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Message 1181548 - Posted: 30 Dec 2011, 5:36:03 UTC - in response to Message 1181547.  

::random angry shouting:: Newegg deactivated the 1100T in favor of FX-6100. I was so close to having the money to order the new parts, and they're killing off Thuban. Guess it's not really all that terrible. Same clock speed, more L2 and L3, lower wattage.. oh, and lower price.

After doing some quick research, it looks like they really are just about identical in performance, too. Some tests Thuban has a slight lead, others Zambezi has a slight lead. Guess I'm going with the future on this one.


Of course you have to change your mainboard as well.

How so? The one I picked is an AM3+ board, and has all of the new FX-xxxx CPUs in the support list. It is bulldozer-ready since the first (and only as of present) BIOS build for it.


Forgot about what board you ordered.

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Message 1188713 - Posted: 27 Jan 2012, 1:30:55 UTC

So I have another update about this situation. I got my new parts last week and the install went fine and everything but then the sound started acting up, so I RMA'ed the board and am waiting for the replacement to show up. In the meantime, I put the old rig back together and am using it in the meantime. I did notice when I was taking the old rig apart that there was one more cap that I hadn't seen before that was bulged. It was right next to the 8-pin CPU power connector. Of course the giant 3300µF cap next to the second RAM bank was yet again bulged and even oozing this time.

I decided before putting the old rig back together to go ahead and replace those two caps. Fortunately, I still had an 830µF cap left over from the first batch of them I did on this board, but since I started taking old mobos apart and taking all of the useful stuff off of them (caps, fan headers, rear panel connectors, attempted an SD-RAM slot..didn't work, ATX connectors, battery sockets, etc), I had a dozen or more 1500µF caps, which is what the big one next to the RAM was originally. Granted, it was off of a 10-year-old board, but it wasn't bulged, and it wasn't oozing, so chances are it is still reasonably reliable.

Replaced those two caps, put it all back together and gave a file transfer to the array a try. 4GB copied just fine. Tried an 8GB transfer and it finished successfully, but when I went to select those three files and delete them, the system didn't respond to that action. Ended up hitting the reset button.

So I figured the caps weren't the problem and the board is just getting old and tired. Understandable. Well on the new board, I noticed the voltages were really low. 12v was reading 11.4, 5v was reading 4.1-3, 3.3v was reading 2.9. I figured maybe it just isn't reporting properly. Well after being back on the old setup for three days, I decided to pull up Everest and see what it reports for the voltages. Same thing. Okay, so PSU is just getting weak. Swapped it out with the one that was in the single-core machine and 12v now reads 11.98, 5v reads 5.03, and 3.3v reads 3.37.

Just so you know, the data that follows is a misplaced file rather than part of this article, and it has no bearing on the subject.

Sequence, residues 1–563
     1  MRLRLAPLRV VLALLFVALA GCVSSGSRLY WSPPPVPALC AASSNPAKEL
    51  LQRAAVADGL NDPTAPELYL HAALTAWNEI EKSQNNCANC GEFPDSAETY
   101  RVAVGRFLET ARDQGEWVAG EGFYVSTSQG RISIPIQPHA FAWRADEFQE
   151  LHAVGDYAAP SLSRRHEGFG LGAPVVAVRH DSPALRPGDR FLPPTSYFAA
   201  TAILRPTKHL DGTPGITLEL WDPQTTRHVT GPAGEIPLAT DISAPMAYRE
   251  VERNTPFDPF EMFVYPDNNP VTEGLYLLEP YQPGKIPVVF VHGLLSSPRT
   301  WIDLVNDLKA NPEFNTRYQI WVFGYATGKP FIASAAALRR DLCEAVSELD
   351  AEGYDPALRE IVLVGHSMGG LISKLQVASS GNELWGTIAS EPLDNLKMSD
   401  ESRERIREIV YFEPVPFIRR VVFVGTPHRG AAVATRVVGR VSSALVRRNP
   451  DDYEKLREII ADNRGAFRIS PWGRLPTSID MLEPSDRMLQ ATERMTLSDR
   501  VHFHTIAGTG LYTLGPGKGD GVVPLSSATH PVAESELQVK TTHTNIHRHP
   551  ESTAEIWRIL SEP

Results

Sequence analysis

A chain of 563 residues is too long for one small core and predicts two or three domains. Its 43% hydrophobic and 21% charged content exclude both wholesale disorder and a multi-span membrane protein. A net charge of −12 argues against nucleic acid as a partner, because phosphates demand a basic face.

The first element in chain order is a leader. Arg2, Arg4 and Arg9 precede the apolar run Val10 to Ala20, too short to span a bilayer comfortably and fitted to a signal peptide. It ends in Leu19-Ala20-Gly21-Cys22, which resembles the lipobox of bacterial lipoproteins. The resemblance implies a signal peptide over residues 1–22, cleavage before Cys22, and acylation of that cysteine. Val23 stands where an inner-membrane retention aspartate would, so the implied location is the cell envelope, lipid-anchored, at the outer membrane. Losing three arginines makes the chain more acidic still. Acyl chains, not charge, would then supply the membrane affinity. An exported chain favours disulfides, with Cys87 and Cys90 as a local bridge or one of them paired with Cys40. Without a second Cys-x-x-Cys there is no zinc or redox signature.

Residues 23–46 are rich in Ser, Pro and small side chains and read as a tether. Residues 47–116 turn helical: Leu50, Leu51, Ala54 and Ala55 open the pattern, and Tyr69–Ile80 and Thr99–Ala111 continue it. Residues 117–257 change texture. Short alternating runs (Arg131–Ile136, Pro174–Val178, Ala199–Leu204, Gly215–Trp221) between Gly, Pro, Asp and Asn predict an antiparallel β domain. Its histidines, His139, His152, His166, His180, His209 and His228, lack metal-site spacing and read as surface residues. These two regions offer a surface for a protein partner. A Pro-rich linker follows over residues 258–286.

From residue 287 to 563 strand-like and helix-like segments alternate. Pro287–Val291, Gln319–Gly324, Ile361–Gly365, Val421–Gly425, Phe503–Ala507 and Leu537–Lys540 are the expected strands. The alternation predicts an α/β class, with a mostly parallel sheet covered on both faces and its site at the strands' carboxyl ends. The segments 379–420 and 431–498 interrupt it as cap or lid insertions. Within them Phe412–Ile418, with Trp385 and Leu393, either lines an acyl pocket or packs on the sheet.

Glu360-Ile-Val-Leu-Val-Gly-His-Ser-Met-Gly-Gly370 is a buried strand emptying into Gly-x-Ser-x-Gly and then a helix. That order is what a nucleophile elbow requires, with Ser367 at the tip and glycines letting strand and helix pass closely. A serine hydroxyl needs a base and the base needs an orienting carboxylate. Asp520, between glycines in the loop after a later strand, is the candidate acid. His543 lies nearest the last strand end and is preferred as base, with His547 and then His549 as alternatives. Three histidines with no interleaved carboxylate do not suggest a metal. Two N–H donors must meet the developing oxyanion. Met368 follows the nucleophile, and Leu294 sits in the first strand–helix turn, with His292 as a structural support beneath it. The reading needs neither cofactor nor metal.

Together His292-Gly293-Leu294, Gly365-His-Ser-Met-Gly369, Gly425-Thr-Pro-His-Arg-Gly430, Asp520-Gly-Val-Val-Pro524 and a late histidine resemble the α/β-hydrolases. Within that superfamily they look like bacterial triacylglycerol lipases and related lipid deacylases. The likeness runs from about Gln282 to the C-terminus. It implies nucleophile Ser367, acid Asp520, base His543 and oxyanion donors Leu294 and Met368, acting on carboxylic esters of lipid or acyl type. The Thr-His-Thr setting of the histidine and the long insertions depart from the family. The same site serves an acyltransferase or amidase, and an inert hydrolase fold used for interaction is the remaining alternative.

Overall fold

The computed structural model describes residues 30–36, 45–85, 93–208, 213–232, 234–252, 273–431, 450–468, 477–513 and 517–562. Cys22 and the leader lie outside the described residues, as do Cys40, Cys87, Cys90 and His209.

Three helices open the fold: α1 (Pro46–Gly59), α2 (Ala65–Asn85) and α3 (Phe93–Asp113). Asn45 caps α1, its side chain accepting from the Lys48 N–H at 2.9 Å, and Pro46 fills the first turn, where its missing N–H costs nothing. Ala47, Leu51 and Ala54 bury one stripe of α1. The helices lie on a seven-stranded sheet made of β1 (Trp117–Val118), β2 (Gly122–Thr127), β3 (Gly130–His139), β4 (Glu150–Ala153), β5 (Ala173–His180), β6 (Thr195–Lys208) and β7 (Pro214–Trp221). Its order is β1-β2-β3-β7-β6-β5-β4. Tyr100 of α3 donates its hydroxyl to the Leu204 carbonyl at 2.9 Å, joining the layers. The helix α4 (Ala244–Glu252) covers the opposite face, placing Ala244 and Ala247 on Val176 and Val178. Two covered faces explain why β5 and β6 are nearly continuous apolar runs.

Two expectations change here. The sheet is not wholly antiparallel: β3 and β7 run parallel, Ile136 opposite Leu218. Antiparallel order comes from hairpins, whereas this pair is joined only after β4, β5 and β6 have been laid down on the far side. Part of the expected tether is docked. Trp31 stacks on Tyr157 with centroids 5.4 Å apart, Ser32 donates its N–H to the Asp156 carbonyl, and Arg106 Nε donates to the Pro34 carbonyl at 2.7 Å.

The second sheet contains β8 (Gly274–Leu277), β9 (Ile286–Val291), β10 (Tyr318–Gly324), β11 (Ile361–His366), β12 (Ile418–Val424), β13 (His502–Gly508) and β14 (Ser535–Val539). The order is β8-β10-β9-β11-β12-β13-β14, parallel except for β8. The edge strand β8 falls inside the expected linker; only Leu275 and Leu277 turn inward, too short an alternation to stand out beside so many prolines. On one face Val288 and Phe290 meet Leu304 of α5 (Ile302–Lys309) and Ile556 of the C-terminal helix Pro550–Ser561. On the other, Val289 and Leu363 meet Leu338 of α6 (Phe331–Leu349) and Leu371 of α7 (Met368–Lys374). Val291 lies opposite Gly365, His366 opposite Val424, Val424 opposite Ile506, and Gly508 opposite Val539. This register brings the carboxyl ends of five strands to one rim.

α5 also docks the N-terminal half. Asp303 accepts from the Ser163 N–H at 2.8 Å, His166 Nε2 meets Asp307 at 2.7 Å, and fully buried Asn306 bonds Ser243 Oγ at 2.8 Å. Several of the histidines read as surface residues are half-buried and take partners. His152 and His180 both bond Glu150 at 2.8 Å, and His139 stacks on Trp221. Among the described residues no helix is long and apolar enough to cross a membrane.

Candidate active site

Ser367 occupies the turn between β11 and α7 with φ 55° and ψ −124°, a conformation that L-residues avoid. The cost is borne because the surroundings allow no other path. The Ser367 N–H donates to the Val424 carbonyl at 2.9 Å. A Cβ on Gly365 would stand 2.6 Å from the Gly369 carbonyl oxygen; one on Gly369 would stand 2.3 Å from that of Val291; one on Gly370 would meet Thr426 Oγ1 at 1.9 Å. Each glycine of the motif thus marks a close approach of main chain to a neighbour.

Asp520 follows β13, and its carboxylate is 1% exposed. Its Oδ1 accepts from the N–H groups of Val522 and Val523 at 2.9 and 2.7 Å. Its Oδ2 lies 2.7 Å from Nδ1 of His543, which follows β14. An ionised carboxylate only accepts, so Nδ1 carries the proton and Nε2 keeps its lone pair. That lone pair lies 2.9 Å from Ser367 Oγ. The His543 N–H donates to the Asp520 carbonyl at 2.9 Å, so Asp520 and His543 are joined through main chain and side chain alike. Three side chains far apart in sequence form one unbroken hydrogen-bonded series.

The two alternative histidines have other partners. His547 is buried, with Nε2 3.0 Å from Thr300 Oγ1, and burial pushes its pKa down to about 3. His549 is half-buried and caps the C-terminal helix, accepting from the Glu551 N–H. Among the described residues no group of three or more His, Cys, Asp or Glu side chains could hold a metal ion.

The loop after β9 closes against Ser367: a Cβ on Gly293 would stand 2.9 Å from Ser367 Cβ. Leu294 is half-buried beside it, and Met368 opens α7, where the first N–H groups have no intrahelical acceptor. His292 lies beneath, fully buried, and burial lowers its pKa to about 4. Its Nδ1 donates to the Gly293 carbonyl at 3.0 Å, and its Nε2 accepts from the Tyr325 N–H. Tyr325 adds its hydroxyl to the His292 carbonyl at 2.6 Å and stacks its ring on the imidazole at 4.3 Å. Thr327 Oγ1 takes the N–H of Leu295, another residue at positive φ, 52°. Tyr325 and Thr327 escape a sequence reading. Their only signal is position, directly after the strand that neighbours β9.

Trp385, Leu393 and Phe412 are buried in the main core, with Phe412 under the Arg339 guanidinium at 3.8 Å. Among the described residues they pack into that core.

Booted back up, copied 4GB to the array. Was fine. Copied 12GB, was fine. Deleted those four files and copied them again. Fine. Did it one more time just to make sure. Fine. So I guess with a load, you get voltage drop, and since the voltage was already low, that makes the amperage go up, which will make voltage drop even more under a load. Oh, and the high-pitch capacitor squeal/whine that was present.. that's gone now. So that old 600-watt PSU is about to go. It does have over-current protection though, so when it goes, it shouldn't take anything else out with it, but that's also why it's in the single-core machine now. That machine isn't really that important to me, so if the whole thing melts down, oh well.
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Message 1188976 - Posted: 27 Jan 2012, 22:30:05 UTC

When salvaging components from boards that i will bin afterwards i firmly mount the board so i can heat it from below with a butane torch,
Just use wood screws or nails through the normal mounting holes into some 3x2 inch timber, and then work fast,
i dont care if i burn the board as it is going in the bin anyway.
heat the whole area around the parts i want off and just pick the parts off the top with tweezer`s or pliers.
with this method it is possible to remove PCI slots, north bridge`s, cpu socket`s the lot,
Give it a go on a junk board first and let us know how you get on :¬)
Expect smoke and flame from underneath,
good ventilation is required,
don`t set fire to the house,
In fact, dont do it in the house :¬))
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Message 1189054 - Posted: 28 Jan 2012, 0:52:51 UTC - in response to Message 1188976.  

Won't that over heat or burn the salvaged parts?
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Message 1189087 - Posted: 28 Jan 2012, 2:45:35 UTC - in response to Message 1189054.  
Last modified: 28 Jan 2012, 2:45:57 UTC